Toward the Outside: Concepts and Themes in Emmanuel LevinasMichael B. Smith $58.00
Published in 2005 | 282 pages | cloth | ISBN: 978-0-8207-0368-8
“Levinas's passion for commentary is clearly shared by Smith, and it shines through in his admirable study. It is impossible to avoid the feeling that he has inhabited Levinas's texts, that he has explored the intricacies and paradoxes of Levinas's enigmatic prose as only a translator can. Indeed, precisely due to his familiarity he is able to capture the quiet forcefulness of Levinas's work.” — Janus Head
“The book as a whole, display Smith's comprehensive understanding of Levinas's texts, and it is this breadth of knowledge that comprises the book's greatest strength.” — Heythrop Journal
“It is a pleasure to read a clearly written, jargon-free work about a Continental philosopher. . . . A good index and copious endnotes add to the features that make this a valuable resource for understanding an important French thinker.” — Choice"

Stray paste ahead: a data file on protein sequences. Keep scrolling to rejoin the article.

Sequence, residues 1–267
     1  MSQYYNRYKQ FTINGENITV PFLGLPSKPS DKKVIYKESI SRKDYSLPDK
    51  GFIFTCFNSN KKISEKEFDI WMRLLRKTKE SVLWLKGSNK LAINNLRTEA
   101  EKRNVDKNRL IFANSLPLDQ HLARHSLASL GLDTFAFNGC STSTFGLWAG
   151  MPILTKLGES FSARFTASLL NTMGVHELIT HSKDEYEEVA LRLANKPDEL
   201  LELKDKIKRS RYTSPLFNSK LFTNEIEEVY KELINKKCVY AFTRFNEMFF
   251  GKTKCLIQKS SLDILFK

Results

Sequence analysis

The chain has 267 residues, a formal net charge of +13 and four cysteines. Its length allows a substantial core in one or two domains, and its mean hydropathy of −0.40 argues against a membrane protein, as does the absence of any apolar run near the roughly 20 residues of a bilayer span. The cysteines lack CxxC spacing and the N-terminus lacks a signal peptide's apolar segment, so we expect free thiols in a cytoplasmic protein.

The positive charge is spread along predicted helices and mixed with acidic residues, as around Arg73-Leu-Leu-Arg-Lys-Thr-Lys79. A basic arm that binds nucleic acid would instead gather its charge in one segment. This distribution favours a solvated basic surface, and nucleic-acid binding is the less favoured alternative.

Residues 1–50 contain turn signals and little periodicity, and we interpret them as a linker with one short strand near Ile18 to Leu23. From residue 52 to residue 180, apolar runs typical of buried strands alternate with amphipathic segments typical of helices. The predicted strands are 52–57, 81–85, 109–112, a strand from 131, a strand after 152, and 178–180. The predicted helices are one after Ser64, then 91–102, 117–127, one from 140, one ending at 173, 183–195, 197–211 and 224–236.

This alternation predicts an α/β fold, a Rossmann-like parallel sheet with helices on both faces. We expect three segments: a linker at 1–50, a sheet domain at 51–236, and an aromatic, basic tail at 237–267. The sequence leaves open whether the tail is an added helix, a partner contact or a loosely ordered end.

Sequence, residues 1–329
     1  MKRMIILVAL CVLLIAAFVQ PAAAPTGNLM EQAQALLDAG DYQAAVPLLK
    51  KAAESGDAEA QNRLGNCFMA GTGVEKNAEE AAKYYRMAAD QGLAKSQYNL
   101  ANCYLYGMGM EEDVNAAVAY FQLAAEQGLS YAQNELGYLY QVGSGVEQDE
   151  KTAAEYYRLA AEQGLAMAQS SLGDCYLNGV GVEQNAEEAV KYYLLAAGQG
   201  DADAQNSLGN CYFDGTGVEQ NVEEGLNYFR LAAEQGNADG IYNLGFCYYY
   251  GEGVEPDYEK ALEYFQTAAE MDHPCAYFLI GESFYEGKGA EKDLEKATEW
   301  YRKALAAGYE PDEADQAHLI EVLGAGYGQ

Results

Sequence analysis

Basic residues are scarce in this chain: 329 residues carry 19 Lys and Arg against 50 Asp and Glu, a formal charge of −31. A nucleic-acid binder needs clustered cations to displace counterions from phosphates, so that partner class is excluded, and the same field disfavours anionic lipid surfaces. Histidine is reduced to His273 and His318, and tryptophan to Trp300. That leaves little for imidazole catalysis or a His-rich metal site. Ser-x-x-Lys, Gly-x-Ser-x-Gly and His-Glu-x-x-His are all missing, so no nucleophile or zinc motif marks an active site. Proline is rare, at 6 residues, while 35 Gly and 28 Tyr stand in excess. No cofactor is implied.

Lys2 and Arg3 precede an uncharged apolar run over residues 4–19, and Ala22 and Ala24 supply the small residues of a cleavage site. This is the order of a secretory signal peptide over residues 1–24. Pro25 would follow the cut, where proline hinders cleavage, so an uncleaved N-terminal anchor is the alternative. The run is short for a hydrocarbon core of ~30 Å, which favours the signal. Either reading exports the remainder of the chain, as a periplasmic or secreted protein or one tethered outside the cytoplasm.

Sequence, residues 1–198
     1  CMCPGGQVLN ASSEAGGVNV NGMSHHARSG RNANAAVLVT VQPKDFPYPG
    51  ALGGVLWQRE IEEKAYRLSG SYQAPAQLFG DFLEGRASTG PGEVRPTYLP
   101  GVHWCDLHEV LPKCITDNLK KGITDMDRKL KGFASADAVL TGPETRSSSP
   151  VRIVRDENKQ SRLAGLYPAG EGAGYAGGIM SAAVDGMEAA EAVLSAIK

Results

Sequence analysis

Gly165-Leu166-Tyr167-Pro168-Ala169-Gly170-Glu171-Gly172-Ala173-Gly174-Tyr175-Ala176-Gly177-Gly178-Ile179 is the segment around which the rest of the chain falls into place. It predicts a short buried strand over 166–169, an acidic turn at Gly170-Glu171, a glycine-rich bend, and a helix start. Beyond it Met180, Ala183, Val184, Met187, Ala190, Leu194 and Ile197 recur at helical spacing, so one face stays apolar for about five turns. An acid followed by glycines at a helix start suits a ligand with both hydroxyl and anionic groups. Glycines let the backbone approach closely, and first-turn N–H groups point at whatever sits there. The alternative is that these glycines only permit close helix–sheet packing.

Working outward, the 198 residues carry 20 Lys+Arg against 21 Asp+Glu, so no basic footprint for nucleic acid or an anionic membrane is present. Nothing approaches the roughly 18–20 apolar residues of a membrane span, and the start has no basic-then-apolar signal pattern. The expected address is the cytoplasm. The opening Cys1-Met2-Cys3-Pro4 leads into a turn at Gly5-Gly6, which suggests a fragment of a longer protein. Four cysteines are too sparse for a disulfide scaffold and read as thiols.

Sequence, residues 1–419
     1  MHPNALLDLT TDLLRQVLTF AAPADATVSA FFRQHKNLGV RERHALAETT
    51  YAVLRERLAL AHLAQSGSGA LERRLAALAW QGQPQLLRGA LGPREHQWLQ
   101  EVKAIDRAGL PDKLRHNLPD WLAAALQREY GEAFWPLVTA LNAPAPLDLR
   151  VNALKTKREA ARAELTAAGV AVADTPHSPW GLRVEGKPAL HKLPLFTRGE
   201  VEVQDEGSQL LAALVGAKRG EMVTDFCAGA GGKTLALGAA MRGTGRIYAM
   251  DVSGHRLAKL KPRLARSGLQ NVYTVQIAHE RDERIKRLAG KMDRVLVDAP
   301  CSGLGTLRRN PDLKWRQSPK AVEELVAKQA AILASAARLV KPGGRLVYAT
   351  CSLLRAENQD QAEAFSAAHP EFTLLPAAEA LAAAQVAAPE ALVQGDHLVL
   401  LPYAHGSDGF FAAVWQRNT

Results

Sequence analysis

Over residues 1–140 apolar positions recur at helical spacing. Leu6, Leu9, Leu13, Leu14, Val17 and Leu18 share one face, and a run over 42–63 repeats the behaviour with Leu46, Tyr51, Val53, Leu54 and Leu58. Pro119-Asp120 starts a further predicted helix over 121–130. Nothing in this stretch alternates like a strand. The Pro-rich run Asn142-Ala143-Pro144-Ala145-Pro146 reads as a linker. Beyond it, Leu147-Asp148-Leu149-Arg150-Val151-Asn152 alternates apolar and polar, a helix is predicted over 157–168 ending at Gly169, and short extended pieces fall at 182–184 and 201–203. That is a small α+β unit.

Unlike many recent studies that have purported to examine the scope of Levinas's thinking, Toward the Outside is distinguished by its attention to texts from both of Levinas's two main genres: the philosophical and the confessional. Organized into three parts, the first examines key pairs of concepts⎯totality/infinity, same/other, saying/said, among others. Smith demonstrates a keen attunement to the development of Levinas's thought as an overall philosophical trajectory. In part 2, Smith more explicitly identifies themes that are essential to our better understanding of Levinas⎯Judaism and the Holocaust, temporality, Levinas's treatment of Husserl and Heidegger, Derrida's reading of Levinas, and others. Finally, in part 3, his commentary, based on close readings of selected Levinas texts, meticulously follows and highlights the development of Levinas's thought.
MICHAEL B. SMITH has translated a number of Emmanuel Levinas's works, including Alterity and Transcendence, In the Time of the Nations and Outside the Subject. He is the past president of CPJC (Continental Philosophy in a Jewish Context) and vice president of the Levinas Ethical Legacy Foundation.